Microsoft kicked off its first Patch Tuesday of 2020 by fixing a potentially serious spoofing vulnerability in a cryptographic component for Windows that was discovered by the National Security Agency.
The vulnerability exists in the way the CryptoAPI (Crypt32.dll) component in the Windows operating system validates Elliptic Curve Cryptography (ECC) certificates (CVE-2020-0601), Microsoft said. Digital signatures are used to indicate software is authentic and has not been modified. By exploiting this flaw, an attacker could potentially sign malicious files using a spoofed code-signing certificate and make it appear to come from a trusted source.
“The user would have no way of knowing the file was malicious, because the digital signature would appear to be from a trusted provider,” Microsoft said.
The flaw can be used to intercept and modify HTTPS (or TLS) communications, CERT-CC, the vulnerability disclosure center at Carnegie Mellon University, said in its advisory. This could lead to man-in-the-middle attacks to intercept sensitive information.
The issue impacts Windows 10, Windows Server 2016, and Windows Server 2019, as well as applications that rely on Windows for trust functionality—such as web browsers—by using CryptoAPI. Windows 7, Windows 8, and earlier versions are not affected.
The library is used by pretty much all Windows software that deals with encryption and digital signatures, which means third-party software will also be impacted, said Johannes Ullrich of the SANS Technology Institute. “If you have an endpoint solution that blocks users from running untrusted code: You likely need to worry and apply this patch quickly,” said Ullrich.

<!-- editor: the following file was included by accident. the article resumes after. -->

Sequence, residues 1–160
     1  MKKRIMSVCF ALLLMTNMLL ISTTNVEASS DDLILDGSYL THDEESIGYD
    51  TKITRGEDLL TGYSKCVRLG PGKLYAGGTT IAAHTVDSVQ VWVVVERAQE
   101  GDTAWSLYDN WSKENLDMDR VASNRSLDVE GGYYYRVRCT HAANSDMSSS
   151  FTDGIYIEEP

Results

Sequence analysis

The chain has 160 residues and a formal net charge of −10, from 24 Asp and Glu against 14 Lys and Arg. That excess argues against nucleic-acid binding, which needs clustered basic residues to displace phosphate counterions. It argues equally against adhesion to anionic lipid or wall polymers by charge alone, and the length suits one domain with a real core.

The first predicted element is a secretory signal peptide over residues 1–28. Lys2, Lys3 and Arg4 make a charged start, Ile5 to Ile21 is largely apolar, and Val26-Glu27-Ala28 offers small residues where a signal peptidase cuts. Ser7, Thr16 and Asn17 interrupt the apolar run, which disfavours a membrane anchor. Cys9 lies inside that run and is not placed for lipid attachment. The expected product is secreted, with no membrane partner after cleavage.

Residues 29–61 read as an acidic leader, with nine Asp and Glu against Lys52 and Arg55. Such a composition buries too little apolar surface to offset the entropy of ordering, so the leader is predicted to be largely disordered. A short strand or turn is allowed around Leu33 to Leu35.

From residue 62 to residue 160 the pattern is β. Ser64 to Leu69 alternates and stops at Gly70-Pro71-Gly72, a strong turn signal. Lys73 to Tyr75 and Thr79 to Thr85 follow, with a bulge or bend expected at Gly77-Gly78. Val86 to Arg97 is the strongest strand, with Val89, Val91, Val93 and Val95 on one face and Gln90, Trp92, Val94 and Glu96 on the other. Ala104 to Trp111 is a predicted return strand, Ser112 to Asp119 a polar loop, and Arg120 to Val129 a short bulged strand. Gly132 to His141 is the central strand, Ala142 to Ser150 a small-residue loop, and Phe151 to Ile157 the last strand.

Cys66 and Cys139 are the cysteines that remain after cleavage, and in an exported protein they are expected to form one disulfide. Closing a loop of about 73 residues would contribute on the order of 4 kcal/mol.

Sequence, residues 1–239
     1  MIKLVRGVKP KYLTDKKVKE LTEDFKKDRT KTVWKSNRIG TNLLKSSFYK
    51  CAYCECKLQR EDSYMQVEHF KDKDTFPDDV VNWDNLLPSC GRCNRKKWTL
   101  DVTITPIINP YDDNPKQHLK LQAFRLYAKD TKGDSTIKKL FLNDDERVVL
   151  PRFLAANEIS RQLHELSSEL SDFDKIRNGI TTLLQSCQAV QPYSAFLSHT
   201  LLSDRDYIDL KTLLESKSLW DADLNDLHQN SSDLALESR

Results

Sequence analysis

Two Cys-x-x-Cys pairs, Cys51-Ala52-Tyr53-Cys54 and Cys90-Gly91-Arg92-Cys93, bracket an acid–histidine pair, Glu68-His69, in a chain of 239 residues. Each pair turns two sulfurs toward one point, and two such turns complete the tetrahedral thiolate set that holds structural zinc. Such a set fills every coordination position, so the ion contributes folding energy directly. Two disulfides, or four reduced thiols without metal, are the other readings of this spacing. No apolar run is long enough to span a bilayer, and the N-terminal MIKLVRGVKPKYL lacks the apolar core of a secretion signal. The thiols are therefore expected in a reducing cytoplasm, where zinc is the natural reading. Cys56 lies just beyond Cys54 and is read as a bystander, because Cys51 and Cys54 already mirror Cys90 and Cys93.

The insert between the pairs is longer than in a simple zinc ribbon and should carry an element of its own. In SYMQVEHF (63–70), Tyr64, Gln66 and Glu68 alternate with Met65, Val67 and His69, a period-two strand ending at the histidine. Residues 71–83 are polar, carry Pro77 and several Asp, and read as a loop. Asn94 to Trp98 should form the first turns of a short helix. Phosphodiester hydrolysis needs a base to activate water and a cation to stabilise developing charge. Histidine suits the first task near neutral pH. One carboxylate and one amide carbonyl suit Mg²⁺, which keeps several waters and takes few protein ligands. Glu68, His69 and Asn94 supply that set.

"We have not seen any evidence that this technique has been used in the wild," Microsoft said. "As always we encourage customers to install all security updates as soon as possible.”
How Bad Is It?
There is a bit of a disconnect on the severity of the flaw. Microsoft categorized the vulnerability “important” and rated as level one or "exploitation more likely," while the NSA described the vulnerability as critical. The government agency said that vulnerability, if exploited, could impact trust in HTTPS connections, signed files and emails, and signed executable code.
“NSA assesses the vulnerability to be severe and that sophisticated cyber actors will understand the underlying flaw very quickly and, if exploited, would render the previously mentioned platforms as fundamentally vulnerable. The consequences of not patching the vulnerability are severe and widespread. Remote exploitation tools will likely be made quickly and widely available,” the NSA said in its advisory.
The difference in severity is a matter of definition. Microsoft considers flaws that can be exploited with no user interaction as “critical.” Since this flaw requires some kind of user interaction to be exploited, it was assigned the second hightest category.